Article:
Industry best practices call for pipeline operators to define a clear alarm management plan that helps avoid controller overload and ensures alarms are accurate and support safe pipeline operation. Review of controller workload is key in this program, as it can provide the most critical information on how to improve the performance of an alarm system and the controllers monitoring it. Controller performance can be impaired when deluged with too many SCADA alarms, a significant increase in the number of points being monitored and alarms related to communications, which all add to other attention-demanding activities not directly related to alarms.
Developing a program to analyze and continually improve the alarm system includes identification of the operator’s Alarm Philosophy: identifying what constitutes an alarm, who manages it, how it is managed and how training and change of management are carried out. Other best practices of an alarm management program include benchmark and performance audits; rationalization to determine which SCADA alarms warrant response; and implementation, in an auditable manner, of actions defined.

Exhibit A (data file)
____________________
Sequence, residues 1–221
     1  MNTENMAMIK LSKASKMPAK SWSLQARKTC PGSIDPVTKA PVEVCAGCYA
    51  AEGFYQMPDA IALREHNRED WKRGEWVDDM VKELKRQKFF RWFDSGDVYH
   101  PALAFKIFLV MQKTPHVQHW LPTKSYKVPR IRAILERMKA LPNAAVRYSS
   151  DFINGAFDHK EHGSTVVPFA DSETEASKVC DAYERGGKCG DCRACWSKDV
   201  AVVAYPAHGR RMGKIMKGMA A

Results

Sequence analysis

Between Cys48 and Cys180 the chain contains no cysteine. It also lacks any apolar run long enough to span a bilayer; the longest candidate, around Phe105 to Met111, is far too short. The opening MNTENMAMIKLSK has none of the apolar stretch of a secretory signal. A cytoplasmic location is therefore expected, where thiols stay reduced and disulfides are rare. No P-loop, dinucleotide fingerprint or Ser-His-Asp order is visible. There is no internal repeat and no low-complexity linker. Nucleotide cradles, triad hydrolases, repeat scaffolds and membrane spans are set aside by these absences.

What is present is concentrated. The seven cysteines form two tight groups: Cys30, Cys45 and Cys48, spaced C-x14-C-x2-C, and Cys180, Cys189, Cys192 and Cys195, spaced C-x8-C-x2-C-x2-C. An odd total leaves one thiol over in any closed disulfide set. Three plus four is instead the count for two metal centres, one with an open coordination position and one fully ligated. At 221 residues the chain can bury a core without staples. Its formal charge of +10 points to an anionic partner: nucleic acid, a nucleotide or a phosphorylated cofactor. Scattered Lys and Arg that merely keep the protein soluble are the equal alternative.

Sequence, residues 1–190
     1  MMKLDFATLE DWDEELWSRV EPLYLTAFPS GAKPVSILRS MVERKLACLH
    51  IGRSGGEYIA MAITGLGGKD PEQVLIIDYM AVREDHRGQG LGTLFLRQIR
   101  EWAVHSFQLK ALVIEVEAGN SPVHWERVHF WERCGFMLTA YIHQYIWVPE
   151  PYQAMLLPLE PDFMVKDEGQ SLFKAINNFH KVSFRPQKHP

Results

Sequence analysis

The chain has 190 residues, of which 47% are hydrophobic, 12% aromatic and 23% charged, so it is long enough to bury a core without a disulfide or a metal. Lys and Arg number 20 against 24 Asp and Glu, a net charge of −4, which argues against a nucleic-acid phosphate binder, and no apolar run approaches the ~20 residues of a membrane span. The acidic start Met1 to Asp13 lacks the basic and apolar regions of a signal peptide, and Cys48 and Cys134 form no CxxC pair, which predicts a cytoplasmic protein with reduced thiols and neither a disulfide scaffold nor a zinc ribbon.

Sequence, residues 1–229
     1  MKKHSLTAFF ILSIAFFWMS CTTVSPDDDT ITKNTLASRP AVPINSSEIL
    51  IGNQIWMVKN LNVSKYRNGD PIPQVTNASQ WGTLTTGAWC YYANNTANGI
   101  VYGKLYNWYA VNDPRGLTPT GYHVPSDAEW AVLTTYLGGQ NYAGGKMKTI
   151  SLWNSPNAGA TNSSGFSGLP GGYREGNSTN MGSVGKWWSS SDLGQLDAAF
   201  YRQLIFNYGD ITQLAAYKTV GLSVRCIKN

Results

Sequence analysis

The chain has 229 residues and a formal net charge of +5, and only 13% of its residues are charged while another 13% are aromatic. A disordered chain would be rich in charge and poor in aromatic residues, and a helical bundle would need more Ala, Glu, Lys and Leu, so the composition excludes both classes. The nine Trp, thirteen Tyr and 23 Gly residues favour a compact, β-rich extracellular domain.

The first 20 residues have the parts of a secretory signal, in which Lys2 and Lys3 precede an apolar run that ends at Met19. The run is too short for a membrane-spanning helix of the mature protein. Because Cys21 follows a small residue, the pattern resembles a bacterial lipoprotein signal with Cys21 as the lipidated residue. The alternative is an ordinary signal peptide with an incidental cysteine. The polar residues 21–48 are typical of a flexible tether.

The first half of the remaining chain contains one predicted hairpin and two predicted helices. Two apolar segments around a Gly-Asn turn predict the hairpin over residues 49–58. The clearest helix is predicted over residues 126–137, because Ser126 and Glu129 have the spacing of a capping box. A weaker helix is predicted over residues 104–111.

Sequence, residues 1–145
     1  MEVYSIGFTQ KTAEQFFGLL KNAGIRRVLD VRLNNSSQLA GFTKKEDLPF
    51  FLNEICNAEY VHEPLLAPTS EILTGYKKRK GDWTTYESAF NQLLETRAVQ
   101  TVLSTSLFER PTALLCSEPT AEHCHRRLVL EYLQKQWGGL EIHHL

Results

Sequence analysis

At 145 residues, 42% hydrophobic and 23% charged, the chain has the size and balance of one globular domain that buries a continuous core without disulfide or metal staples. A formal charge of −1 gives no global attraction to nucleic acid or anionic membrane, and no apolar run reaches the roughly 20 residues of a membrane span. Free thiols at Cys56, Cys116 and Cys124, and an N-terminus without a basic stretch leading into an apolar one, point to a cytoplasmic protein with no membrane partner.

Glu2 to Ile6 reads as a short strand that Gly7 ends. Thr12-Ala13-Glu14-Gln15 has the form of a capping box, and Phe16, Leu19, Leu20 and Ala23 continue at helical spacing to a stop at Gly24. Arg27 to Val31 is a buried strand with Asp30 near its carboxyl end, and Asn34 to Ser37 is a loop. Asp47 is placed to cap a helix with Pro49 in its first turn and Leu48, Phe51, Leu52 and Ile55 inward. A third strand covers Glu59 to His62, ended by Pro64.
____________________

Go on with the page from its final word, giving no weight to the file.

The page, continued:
When implementing an alarm management improvement program, the highest benefit is realized through strategies that involve little advanced technology. These high benefit strategies include alarm storm reviews, tuning alarm settings on nuisance alarms and fixing known issues; adjusting deadbands of repeating alarms; and eliminating alarms with no defined response. Strategies of medium benefit include suppression of alarms from ‘out of service’ stations; replacing absolute alarms with deviation alarms; and filtering, de-bouncing, or suppressing repeater alarms. Other advanced alarm improvement strategies that can provide additional benefit after initial strategies have been implemented include use of dynamic alarm thresholds, operator-set alarms and operational mode suppression. Tracking improvement in the alarm program after modifications are made is important, especially as operations bring in larger point counts.